Some of you had a problem with my post about WFOR teaming up with ’60 Minutes’ for the Medicare investigation saying that it wasn’t a big deal because all WFOR did was CBS’ dirty work.
Yesterday Al Tompkins from PoynterOnline posted an email interview with WFOR reporter Stephen Stock about what they found during the investigation and also asked him how the WFOR team came to be involved with it.
At the Investigative Reporters and Editors convention in Baltimore last June, investigative producer Ira Rosen, who works at “60 Minutes,” asked if I would be interested. A few months earlier, Jay Weaver at The Miami Herald had just done a great series on Medicare fraud and I was eager to advance the story or shed further light on it.
When “60 Minutes” came to town, we met with them and shared various ideas and resources. They shot their own interviews and B-roll, but asked us to commit resources to undercover visits to clinics, DMEs and providores.
Working with “60 Minutes” was a challenge. They have their own culture and expectations and they don’t share easily. Their long, successful history doesn’t contain many cooperative projects with local TV news operations. However, they did enable us to meet FBI sources we wouldn’t have found without them. We met and were able to work with the FBI informant, which wouldn’t have happened without them. They opened doors and gave insight and ideas that enabled us to be successful. And we contributed by successfully getting undercover video of an office worker offering money both for a list and to a “patient” to use her Medicare number. “60 Minutes” chose not to use the video and framed the story otherwise, but we contributed nonetheless.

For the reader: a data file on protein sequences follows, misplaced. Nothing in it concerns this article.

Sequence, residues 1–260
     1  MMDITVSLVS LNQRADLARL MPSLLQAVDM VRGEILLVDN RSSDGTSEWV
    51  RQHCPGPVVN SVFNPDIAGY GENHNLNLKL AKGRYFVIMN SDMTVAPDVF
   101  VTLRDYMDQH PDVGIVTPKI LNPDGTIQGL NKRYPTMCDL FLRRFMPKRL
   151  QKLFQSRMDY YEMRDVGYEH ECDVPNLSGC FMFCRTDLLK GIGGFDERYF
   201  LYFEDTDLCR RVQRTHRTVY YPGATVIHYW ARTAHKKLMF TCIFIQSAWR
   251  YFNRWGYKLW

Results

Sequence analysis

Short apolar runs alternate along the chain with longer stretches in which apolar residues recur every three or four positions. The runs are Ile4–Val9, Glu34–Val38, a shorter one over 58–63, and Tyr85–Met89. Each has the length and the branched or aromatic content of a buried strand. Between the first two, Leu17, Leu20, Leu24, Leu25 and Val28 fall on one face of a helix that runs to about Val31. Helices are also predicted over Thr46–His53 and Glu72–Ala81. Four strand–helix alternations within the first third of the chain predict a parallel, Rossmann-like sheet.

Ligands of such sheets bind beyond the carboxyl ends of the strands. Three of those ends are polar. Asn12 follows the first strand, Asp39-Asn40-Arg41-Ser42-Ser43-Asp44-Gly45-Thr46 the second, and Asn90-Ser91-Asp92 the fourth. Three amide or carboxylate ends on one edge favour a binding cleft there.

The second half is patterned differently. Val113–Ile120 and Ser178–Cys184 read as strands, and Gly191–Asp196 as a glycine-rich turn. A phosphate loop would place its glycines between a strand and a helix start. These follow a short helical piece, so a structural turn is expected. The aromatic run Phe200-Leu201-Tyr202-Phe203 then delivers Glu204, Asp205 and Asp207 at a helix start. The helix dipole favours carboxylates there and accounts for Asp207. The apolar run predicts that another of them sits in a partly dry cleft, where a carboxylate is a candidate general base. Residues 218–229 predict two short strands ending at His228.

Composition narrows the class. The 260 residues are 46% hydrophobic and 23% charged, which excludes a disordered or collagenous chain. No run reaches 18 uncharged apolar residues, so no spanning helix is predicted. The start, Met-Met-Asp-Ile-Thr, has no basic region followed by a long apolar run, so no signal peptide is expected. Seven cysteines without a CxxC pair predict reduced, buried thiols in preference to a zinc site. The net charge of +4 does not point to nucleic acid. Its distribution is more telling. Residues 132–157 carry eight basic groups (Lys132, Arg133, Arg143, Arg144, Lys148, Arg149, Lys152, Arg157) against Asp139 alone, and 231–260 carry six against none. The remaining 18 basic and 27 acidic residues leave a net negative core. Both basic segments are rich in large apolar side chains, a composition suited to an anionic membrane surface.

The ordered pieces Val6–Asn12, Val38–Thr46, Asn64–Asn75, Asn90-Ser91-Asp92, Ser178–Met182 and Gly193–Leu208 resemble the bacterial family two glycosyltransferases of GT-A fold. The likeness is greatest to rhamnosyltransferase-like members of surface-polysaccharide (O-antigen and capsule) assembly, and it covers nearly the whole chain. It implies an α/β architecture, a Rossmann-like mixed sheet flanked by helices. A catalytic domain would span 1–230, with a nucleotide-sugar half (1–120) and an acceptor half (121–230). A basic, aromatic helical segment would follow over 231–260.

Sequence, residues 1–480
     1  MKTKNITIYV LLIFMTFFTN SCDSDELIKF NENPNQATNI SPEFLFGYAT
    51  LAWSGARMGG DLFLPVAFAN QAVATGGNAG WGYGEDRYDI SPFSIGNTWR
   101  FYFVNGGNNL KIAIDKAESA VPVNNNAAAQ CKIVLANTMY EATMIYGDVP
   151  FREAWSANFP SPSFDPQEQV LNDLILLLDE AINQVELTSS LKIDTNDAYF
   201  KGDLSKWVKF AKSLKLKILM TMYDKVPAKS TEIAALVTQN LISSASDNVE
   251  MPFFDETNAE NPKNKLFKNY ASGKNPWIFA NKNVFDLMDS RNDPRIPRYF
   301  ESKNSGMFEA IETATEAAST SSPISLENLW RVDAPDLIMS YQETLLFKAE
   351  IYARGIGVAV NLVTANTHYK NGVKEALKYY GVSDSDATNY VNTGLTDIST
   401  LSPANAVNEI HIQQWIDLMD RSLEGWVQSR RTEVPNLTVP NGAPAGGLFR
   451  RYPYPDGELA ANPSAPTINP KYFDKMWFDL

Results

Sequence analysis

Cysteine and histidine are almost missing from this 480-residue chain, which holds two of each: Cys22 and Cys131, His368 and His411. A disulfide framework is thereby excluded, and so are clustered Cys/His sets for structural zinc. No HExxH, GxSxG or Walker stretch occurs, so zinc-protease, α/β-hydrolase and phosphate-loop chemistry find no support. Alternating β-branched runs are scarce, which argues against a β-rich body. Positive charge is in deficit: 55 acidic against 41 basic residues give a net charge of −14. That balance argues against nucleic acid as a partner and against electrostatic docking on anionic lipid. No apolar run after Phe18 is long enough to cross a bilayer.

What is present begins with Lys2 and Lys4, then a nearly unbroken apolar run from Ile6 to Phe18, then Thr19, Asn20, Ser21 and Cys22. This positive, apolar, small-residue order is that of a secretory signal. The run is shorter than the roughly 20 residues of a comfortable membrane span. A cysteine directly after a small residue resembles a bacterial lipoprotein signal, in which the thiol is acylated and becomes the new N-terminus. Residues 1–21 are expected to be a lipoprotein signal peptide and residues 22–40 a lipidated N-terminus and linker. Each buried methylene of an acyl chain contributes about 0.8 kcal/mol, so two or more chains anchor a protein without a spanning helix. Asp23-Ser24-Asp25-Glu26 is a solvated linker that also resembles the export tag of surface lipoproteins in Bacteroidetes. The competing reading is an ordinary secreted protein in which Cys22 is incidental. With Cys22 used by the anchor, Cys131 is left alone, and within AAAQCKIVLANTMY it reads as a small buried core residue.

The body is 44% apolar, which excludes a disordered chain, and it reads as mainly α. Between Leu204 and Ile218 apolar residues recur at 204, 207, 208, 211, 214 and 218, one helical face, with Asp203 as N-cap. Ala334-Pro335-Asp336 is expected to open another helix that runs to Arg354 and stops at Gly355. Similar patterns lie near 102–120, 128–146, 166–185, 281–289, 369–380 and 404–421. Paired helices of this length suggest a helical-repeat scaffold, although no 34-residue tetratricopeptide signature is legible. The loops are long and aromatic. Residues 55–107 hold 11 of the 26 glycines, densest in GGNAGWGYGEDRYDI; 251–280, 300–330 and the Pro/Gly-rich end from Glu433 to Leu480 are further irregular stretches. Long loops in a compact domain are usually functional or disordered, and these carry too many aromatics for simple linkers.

Check out the whole interview here